## Wednesday, October 15, 2014

### Recursive Learning Using Geogebra.

Last year was the first year I had my students making geogebra applets. Now that I look back, I think I went too fast at first, because their first function assignment was this. I think it was too much too soon. I may have frightened a few of them....so this year,

I'm slowing down now so I can speed up later.

This time around, they did that same linear function geogebra, but in several layers. I devoted a whole week to letting them get to know geogebra, using the linear function, with which they are already familiar from grade 10. I wanted to start with the linear so that this time around, they're learning about geogebra, as opposed to the math. Although frankly, the two never happen in isolation, but I digress. I had them watch my "Learning Geogebra" video, do the practices that went with them, and then create a new geogebra every day of the week, each one a copy of the previous with more information added to it. I gave feedback on every single version, and helped individuals so that everyone was good before going on to next version. Here's what we did:

Day 1: Create a linear function controlled by sliders for slope and initial value & make sure the graph matches with your own knowledge of the linear function (ie increases for a > 0, flat for a = 0, etc)
 Day 1: Sliders for a and k, rule y = ax + k
Day 2: Add a t-slider and a point P whose position is controlled by the slider, and which slides along the line, no matter how much a and k are. This was really hard for them, partly because they thought that sliders were only for parameters, which was my fault. Will have to do that better next year.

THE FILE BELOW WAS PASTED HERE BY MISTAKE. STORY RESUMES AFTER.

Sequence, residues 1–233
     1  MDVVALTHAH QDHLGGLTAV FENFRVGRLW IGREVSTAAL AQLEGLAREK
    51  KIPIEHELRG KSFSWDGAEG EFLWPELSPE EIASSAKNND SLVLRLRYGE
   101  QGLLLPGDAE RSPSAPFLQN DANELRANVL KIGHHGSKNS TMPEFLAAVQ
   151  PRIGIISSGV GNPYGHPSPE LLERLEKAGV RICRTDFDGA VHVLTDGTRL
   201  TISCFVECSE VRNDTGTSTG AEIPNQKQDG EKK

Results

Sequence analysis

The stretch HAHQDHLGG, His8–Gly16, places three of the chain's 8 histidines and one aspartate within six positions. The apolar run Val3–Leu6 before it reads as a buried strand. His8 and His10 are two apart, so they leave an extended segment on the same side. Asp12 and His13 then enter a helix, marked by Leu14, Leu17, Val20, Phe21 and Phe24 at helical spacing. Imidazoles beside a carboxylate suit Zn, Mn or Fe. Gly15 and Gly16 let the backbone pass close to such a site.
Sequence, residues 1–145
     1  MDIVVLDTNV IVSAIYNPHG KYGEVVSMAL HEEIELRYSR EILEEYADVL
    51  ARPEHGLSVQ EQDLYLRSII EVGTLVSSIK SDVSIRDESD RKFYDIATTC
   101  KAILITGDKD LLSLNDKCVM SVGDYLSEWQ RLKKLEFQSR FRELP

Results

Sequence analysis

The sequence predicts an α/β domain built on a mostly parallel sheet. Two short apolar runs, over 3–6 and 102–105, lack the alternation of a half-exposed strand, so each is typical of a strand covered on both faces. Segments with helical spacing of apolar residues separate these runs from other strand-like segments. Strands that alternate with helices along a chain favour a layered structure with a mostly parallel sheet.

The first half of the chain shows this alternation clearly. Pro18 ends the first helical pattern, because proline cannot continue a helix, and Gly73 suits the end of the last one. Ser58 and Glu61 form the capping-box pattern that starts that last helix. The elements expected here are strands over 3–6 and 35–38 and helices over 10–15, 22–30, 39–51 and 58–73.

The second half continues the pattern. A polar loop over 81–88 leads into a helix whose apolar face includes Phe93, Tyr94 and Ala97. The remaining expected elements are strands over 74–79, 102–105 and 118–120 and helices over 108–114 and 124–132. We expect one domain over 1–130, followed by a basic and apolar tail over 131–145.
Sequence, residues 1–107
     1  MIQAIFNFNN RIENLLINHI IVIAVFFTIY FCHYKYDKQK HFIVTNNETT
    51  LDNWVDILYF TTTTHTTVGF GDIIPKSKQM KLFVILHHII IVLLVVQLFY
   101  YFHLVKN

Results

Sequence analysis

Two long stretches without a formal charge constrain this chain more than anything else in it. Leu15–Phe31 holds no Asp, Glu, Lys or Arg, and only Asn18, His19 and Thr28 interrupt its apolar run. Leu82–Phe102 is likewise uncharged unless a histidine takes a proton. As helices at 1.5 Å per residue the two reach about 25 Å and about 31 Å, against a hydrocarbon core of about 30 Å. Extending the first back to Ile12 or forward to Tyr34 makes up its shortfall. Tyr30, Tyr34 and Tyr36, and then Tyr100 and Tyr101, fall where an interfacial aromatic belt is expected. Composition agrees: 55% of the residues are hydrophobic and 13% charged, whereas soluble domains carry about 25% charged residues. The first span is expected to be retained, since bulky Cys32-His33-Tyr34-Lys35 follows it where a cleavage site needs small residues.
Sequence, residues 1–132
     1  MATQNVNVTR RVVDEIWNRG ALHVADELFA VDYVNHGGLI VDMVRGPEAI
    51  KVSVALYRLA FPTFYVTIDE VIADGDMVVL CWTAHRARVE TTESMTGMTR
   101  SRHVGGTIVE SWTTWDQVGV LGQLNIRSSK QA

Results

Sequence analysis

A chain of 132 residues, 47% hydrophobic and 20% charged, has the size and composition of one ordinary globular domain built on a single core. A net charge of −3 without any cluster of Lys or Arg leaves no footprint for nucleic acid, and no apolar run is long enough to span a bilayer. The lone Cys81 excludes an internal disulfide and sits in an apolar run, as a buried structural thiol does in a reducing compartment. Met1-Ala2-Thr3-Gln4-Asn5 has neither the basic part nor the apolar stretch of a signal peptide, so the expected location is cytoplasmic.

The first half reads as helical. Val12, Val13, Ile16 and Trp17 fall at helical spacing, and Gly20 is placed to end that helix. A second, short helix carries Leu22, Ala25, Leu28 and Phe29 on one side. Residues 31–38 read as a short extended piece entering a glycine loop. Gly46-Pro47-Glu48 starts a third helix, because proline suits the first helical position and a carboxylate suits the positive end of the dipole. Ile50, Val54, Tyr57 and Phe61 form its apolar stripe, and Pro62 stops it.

Day 2: t-slider and point P = (t, at + k)
Day 3: Add the initial value and the zero. Developed formula by: Got them to pick their own a and k, calculate I and Z, then use their own ggb to check. Survey everyone's calculations to get pattern, develop formula for I and Z, type in point to geogebra.
 Day 3: I = (0, k) and Z = (-k/a, 0)
Day 4: special stuff, like conditional colours depending on whether the function increases or decreases (or is constant), displaying rule/coordinates using the "show value", or by using text boxes with objects in them.
 Day 4: Cool fun pretty stuff
Bonus teachable moment

Some students didn't seem familiar with good computing practices such as saving subsequent versions with a new name, or file naming practices. The version created on day 1 was linear1, day 2 was linear2, etc. I discovered this when one student sighed and said it was tiring having to start all over each time....

And on that note, I made this for them:

And now, for the rest of this year, they're going to make geogebras AND USE THEM!!! To make more!!!!

I want them to do this for EVERY function we're studying. And not only make geogebras, but USE them. And not just because I tell them to, but because they are compelled to, in order to move their own learning forward, in whatever direction they choose. I'm seeing a cyclical formation, in which they use their own paper graphs, their own calculations, and their own instincts to create, use, then improve their geogebras, which then feed the next one...

The recursive learning: Create - Check - Use - Repeat

This week we're starting the absolute value function. Here's what I'm planning:

Tuesday: (Yesterday) Graph, on graph paper, many graphs of absolute value functions, and worked their way up until they could quickly graph and describe y = a |b(x - h)| + k. So now they knew what a graph should look like and why it looks that way.
Wednesday: (Today) Create version 1 with sliders for a, b, h, and k, and verify they're doing what they should by comparing to paper graphs. Also put in a vertex with (h, k) and make sure it's where it should be.
Thursday: Math lab! Use version 1 to explore relationships between parameters, to develop point P.
Friday: Create version 2 with time slider and point P, verify it using own calculations
Next week: To add initial value, domain, range, interval of increase etc